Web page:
Solutions to prison overcrowding

Imprisonment should only ever be used as a sanction of last resort

Sir, – “Prisoners sleeping on mattresses ‘wedged next to lavatories’ due to overcrowding” (News, September 25th) states that the Office of the Inspector of Prisons highlighted the degrading and inhumane conditions for people in prison to the Minister for Justice in June. Since then, we have seen the number of people in prison continue to increase further.

The Irish Penal Reform Trust (IPRT) is concerned that the increasing prison population – and the current State response, namely, to increase prison spaces – contravenes clear commitments in the Government’s own Review of Policy Options for Prison and Penal Reform 2022-2024 to reduce the number of people serving short custodial sentences of 12 months or less. While we understand the need to provide capital infrastructure investment to update and improve the prison estate, it is important that we do not simply create more prison spaces to fill. Budget 2024 provides a timely opportunity to invest in practical measures that will help to alleviate the current situation of chronic prison overcrowding.

In Budget 2024, IPRT is calling on the Government to invest in alternative solutions including the allocation of an additional €5 million to the Probation Service to support greater use of Community Service Orders and Probation Supervision.

While the Irish Prison Service has an obligation to accept all people sent to it by the courts, imprisonment should only ever be used as a sanction of last resort. Unfortunately, there continues to be an over-reliance on short custodial sentences for people convicted of less serious offences, despite its damaging social and economic impact on individuals, families, and communities. For context, four out of every five people sentenced to prison in Ireland in 2021 were sentenced to less than 12 months. Investment in community-based sanctions and alternatives to custody will not only save the taxpayer money – latest information suggests probation supervision costs around €6,000 a year while a prison space costs upwards of €84,000 a year – it will also ensure that justice is delivered in a more appropriate and proportionate way.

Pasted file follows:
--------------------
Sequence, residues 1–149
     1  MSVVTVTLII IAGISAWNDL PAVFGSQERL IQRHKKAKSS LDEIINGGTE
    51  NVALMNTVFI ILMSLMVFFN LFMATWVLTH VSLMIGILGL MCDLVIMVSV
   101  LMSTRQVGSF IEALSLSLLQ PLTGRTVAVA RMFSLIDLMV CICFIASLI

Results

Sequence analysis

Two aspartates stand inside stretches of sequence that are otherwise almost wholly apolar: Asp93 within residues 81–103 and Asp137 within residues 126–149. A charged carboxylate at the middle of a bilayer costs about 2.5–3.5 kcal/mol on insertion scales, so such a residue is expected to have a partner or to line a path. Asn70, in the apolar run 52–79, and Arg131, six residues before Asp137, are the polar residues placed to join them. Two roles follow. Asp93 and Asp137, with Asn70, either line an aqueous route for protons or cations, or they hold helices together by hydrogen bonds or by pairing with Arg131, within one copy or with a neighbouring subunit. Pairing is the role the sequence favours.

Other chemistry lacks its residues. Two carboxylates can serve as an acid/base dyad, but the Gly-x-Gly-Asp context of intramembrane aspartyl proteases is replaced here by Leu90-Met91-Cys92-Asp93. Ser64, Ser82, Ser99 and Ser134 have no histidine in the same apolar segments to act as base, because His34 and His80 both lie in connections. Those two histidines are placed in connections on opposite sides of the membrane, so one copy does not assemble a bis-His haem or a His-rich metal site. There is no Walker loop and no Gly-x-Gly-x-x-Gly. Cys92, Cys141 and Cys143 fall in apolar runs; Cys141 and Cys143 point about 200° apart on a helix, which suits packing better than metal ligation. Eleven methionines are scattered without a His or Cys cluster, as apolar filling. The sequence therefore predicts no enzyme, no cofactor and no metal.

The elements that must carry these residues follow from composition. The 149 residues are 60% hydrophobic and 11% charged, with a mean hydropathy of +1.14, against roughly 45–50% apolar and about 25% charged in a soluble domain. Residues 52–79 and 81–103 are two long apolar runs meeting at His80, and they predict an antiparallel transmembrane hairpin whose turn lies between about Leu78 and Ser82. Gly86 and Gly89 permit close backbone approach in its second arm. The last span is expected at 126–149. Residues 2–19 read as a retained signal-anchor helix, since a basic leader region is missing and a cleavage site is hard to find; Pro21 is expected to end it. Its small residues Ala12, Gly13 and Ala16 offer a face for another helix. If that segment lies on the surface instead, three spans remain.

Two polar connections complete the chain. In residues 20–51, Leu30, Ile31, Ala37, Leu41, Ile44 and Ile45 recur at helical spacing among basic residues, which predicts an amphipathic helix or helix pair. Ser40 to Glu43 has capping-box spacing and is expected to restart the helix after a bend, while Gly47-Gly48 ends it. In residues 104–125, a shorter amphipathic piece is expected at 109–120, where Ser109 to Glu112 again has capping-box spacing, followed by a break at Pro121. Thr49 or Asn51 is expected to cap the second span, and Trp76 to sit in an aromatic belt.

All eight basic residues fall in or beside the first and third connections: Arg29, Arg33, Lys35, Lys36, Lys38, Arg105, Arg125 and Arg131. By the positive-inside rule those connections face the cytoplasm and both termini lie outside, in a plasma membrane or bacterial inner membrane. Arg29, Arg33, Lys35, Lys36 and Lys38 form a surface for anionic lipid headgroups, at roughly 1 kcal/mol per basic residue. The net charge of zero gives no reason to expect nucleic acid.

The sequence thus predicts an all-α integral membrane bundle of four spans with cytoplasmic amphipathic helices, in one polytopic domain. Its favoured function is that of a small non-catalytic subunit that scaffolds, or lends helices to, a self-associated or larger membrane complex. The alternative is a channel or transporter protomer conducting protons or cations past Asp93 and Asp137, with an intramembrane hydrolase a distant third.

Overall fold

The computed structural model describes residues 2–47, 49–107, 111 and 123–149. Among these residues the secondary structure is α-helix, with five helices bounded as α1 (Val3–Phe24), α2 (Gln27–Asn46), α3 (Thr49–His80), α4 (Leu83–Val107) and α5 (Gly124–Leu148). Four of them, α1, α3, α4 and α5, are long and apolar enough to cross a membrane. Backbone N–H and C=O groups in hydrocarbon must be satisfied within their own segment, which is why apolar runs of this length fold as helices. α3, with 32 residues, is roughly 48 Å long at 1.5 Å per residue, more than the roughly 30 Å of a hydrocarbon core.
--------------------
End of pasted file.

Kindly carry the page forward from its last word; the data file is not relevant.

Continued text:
Additionally, non-custodial sentences are proven to reduce levels of reoffending and support individuals to turn away from crime, ultimately to the benefit of society.

Focusing on community-based sanctions will clearly signal the Government’s commitment to implement key progressive measures to reduce reoffending, support desistance from offending and avoid overcrowding.

Prison overcrowding is not inevitable – the number of people in custody in prison was previously reduced in response to the Covid-19 pandemic.

Taking a solution-based approach to the criminal justice system and assessing what works for an individual, is transformative and would ensure a more coherent, effective and humane penal system in future. – Yours, etc,


Executive Director,

Irish Penal Reform Trust,

Dublin 8.